• Bill F. Gabay

The Port of Odiongan: Through The Years

By Bill F. Gabay

In this file photo taken sometime in the late 1980s, a passenger boat is docked at the old Port of Poctoy, now called the Port of Odiongan. The port has undergone some transformations since the PPA took over its management in 1977 when Pres. Ferdinand E. Marcos issued P.D. 857.

Prior to the creation of the Philippine Ports Authority, the Port of Odiongan was under the supervision and control of the Bureau of Customs.

In 1977, former President Ferdinand E. Marcos signed P.D. 857  that created the PPA, and the port agency  took over the operations and management of all government ports in the country including the Port of Odiongan.

The Port of Manila was the biggest management office in the early years of the PPA.  It was made up of the South Harbor (overseas), the North Harbor (domestic), the Manila International Container Port (MICP), the Subports of Bataan (Mariveles and Limay),  Pasig River, and the Subports of Romblon.

Its first Port Manager and who  later on became the General Manager of the PPA was a Romblomanon by the name of Commander Primitivo Solis, Jr. of the Philippine Navy while the first to head the PPA Police as Officer-in-Charge was another Romblomanon, Maj. Victor C. Resos of the Presidential Security Group. Both military officers were born in Looc.

Overseeing the operations in Romblon, Bataan and the Pasig River in those days was the LOSA or the Liaison Office for Subports Affairs which was directly under the Office of the Port Manager.

The Port of Odiongan, formerly known as Port of Poctoy, is located at the center point of the Philippine archipelago based on the Philippine map.  Interestingly enough, though, it is not within the jurisdictional area  of barangay Poctoy but  of another barangay, Barangay Batiano. The two barangays sit next to each other.

On countless occasions, the  atmosphere would turn from subdued to fiesta-like every time  a passenger boat  would arrive at the port especially when  coming from Manila.  Because, curious  onlookers would come and crowd the pier only  to watch the new arrivals.  And  when the ship has departed to its next destination,  the people  would soon disperse happily as if they have seen something entertaining.  Sometimes, this kind of situation would pose some security and crowd control problems to the undermanned  local PPA office and to the Philippine Coast Guard detachment. Some of the passenger ships that have regular schedules at the Port of Odiongan before were the M/V Manila City, M/V Misamis Occ., M/V Cebu City, and the M/V Masbate of William Lines, Inc., one of the largest shipping lines in the Philippines decades ago.

Aside from  those  mentioned,  wooden-hulled vessels called “batel” that transported general merchandise and oil products to Tablas were regular customers at  the Port of Odiongan, like the  M/B Ekber, M/B Paraluman, M/B Odiongan, and the Princess Lina. Also, it  served as baseport for  several pumpboats  that plied  the Odiongan – Roxas (Dangay) route notably the M/B Robert.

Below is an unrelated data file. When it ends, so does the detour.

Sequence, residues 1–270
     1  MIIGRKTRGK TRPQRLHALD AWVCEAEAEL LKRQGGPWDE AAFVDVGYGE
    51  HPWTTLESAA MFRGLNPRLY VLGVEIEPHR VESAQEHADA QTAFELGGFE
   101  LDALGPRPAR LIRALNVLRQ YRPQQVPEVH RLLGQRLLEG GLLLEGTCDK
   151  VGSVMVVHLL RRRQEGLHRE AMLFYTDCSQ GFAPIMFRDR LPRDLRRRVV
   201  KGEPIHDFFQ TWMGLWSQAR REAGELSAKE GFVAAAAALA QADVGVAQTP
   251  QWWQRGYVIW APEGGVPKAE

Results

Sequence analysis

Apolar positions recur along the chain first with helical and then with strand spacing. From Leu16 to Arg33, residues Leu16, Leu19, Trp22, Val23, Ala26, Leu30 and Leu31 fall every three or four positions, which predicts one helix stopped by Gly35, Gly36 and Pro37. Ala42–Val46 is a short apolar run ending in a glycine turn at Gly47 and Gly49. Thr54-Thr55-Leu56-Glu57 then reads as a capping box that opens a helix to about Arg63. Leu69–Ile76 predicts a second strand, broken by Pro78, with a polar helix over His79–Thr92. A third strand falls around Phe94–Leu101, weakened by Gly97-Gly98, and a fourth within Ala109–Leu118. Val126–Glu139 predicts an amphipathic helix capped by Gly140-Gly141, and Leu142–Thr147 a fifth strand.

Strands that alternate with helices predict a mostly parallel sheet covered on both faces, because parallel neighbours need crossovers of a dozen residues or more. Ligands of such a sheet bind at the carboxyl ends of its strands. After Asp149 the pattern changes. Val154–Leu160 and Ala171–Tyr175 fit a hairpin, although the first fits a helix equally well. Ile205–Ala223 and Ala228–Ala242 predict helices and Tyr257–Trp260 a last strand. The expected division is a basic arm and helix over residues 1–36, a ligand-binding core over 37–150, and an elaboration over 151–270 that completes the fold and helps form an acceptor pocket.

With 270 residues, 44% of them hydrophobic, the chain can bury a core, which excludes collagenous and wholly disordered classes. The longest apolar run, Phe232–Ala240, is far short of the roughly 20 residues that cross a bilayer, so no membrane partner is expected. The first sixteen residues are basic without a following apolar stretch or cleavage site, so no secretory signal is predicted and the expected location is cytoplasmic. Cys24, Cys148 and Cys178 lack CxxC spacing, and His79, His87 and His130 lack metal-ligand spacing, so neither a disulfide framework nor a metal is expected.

As passenger and cargo traffic grew steadily in  the mid-1980s and early 1990s, other shipping companies would soon venture into the Romblon maritime market  such as  Viva Lines Inc. and Magsaysay Shipping Lines.  The Lucena city-based VLI  opened the Odiongan – Batangas route and replaced its aging, noisy,  smoke-filled wooden  motor boats by acquiring  two large combo-type  vessels from Japan. These were the   M/V Kristoffer and M/V Marian Queen.

The Manila-based MSL, on the other hand, provided Romblon passengers a choice. Instead of  making busy North Harbor its base of operations it preferred the more orderly   Pier 15 in South Harbor as its home port.  Pretty soon, Romblon people saw the entry of a newly-formed  independent shipping company that  brought in the M/V Salve Juliana, a Ro-Ro vessel, that  plied the Romblon-Odiongan-North Harbor (Pier 8) line.  As the years went by, other  shipping companies would soon follow suit like the Montenegro Shipping Lines, MBRS, Super Shuttle, Starlite, and later on,  2GO.

The coming of the Ro-Ro to Philippine shores, although a most welcome development for the boat-riding public, caught port authorities a little bit off balance. It’s because many municipal ports did not have Ro-Ro ramps and had limited berthing spaces. One of them was the Port of Odiongan. This resulted in unnecessary delays and inconvenience to both the passenger ship and the passengers, and the business community as a whole.

The Port of Odiongan is  considered as  the fastest rising  municipal port in the province of Romblon. It was the first to  have a modern passenger terminal complete with airconditioning and an  x-ray machine for scanning purposes.  Unfortunately, it   was not spared of two strong typhoons that passed Southern Tagalog late last year. Consequently, the port’s protective walls  were partially damaged and the operational area was severely destroyed that decreased its capability to provide berthing allocations. Repair works are estimated to take about  a year according to a port official.

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